I met a man namedJarvis Smith, who had the Buffalo Bills' logo carved into one side of hishaircut and Thurman Thomas's number, 34, carved into the other side. He saidthe job was done back home, at Hair Flair 2000 by a barber named Nate. Theprice was $30.
I met a womannamed Janet Paskuly, who had the Bills' red, white and blue colors painted onher nails. She said the job was done back home, at Nail Connection. The pricewas $25.
I met a womannamed Shari DeMarco, who said she owned the only Buffalo Bill brassiere inexistence. "Where'd you buy it?" I asked.
"It was agift," she said. "Some friends said this was the missing piece, becauseI have worn Buffalo Bill clothes on every other part of my body."
February 8, 1993
"You wearthis brassiere?"
"I'll wear iton Sunday," she said. "I wear it all the time. I wore it last Thursdayto work. I'm an accounting teacher at Bryant and Stratton Business Institute, atwo-year college in Buffalo. I wore the bra over a sweatshirt, a Billssweatshirt, of course. I was giving an exam to my classes that day. One of mystudents came up and asked me to take it off. He said he couldn't concentrateon the test. I took it off."
I met a man namedRich Amico, who said he had been married next to a dumpster in the parking lotat Rich Stadium in Orchard Park, N.Y. His family and friends are all Buffaloseason-ticket holders, and they always park next to the dumpster and tailgatebefore games. They usually decorate the dumpster with Bill banners and signs.When love bloomed, there was little debate about what to do.
"It was abeautiful service," Amico said. "We did the whole thing, invited 200people. The tuxedos. The wedding gown. Beautiful. The wedding favor was abottle of champagne with the name of my wife and me and BILLS VS.DOLPHINS¬¨¬®‚Äö√Ñ‚Ä†printed on the front. September 1, 1991. First game of theseason. What a game. Bills won."
I met a man namedMark Reusch, who said he and his friends always park in Mrs. Richey's backyardin Orchard Park. The price is five bucks, and Mrs. Richey always has a charcoalfire roaring in a 55-gallon drum by 9:30 a.m. on game days. For, the firstthree games of the season, the fire is mostly used for barbecuing. For the restof the season, the fire is used for warmth.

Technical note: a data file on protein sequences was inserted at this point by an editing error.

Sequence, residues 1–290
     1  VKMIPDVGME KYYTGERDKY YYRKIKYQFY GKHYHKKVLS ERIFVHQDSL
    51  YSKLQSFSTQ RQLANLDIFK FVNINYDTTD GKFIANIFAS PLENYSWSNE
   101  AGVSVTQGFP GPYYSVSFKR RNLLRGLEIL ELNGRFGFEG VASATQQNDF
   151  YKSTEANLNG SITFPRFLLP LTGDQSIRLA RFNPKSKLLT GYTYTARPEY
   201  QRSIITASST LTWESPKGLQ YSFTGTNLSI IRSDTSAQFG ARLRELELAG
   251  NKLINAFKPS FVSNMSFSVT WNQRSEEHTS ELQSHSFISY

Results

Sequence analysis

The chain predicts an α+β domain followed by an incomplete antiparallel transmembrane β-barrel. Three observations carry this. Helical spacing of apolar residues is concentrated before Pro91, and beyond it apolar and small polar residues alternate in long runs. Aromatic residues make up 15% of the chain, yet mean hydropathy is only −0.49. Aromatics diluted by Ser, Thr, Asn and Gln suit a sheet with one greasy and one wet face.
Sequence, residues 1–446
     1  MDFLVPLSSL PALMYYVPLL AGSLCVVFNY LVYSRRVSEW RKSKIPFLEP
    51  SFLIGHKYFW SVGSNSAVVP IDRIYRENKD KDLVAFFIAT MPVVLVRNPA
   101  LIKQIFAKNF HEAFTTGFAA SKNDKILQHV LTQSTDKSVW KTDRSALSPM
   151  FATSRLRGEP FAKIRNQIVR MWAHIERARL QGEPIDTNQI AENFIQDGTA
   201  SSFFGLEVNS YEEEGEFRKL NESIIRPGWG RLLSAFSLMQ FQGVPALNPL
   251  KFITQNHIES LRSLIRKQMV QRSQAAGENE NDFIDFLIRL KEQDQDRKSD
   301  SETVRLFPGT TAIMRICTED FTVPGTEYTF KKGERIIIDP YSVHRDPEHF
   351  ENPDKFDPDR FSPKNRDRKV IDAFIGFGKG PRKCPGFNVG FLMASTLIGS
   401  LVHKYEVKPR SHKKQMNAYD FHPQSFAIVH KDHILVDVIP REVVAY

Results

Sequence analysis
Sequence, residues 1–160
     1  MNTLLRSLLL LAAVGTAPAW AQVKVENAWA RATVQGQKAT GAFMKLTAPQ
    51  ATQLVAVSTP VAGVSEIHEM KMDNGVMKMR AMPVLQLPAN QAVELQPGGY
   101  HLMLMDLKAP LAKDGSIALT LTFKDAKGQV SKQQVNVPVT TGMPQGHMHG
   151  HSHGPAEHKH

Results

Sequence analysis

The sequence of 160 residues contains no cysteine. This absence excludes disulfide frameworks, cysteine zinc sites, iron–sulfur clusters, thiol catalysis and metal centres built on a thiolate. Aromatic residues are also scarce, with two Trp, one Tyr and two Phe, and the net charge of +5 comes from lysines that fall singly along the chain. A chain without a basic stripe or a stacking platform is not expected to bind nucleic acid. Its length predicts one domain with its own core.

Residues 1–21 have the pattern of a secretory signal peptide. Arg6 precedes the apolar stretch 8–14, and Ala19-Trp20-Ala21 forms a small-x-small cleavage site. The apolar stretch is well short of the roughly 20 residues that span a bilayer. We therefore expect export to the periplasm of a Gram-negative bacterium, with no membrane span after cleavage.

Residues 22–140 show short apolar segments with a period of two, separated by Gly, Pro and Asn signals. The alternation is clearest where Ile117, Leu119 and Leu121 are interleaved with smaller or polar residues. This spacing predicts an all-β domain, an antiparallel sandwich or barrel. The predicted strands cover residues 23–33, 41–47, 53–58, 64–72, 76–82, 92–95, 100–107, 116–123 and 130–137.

"This is mythird straight Super Bowl," Reusch said. "The first one...Scott Norwoodmissed that kick, the game ended, it was unbelievable. My friend Phil, he justsat in the stadium, crying by himself for about a half hour, waited foreveryone to leave. Me, I went outside. Where we'd parked, there was a littleforest or something next to the lot. I walked into the forest by myself. Ipulled down a branch from a tree. I started bashing it against the trunk. I didit for about 10 minutes, just getting everything out."
"How were youthis year during trouble?" I asked. "What were you doing during thewild-card playoff, when the Bills were losing 35-3 to the Houston Oilers atRich Stadium?"
"I was athome for that game," Reusch said. "I have a friend in Dallas. He calledme up and shouted into the phone, 'Drain the tub. Put away the razor blades.Leave your wrists alone. It's only a game' At the end of the game, when theBills were lining up for the field goal, I started dialing his number. I dialedall the numbers except the last one. The ball went through the uprights. Ichecked for flags, saw there were none and punched the last number. His wifeanswered. She said he ran from the house as soon as the ball went into the air.He knew I'd be calling. He didn't want to listen."
I met a man namedJames Griffin, the mayor of Buffalo, who had been at the Houston playoff gamewith his son. He said he was drinking a beer at halftime. He said his sonwanted to leave. This seemed to be a prudent idea, but he still had some beerleft in his cup. The mayor made his son stay. They witnessed the greatestcomeback in NFL history, a game that sent the mayor's city into thishair-carving, nail-painting, brassiere-wearing frenzy.